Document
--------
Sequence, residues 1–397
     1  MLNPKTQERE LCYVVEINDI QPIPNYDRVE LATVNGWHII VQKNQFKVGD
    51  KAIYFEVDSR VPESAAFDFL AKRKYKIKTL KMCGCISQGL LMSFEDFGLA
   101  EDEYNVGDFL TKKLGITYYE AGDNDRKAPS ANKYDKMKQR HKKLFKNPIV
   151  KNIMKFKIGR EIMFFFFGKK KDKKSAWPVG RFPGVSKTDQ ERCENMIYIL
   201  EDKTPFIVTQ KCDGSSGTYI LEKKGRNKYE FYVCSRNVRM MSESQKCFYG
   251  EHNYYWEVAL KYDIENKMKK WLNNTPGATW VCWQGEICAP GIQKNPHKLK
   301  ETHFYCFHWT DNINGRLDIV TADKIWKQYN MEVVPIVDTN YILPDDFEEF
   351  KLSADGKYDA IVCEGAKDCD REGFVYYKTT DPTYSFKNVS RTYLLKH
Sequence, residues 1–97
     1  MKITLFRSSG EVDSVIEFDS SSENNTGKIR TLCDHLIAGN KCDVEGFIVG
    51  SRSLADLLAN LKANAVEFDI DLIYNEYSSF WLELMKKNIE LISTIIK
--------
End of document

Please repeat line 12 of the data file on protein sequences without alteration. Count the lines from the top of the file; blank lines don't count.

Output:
    51  SRSLADLLAN LKANAVEFDI DLIYNEYSSF WLELMKKNIE LISTIIK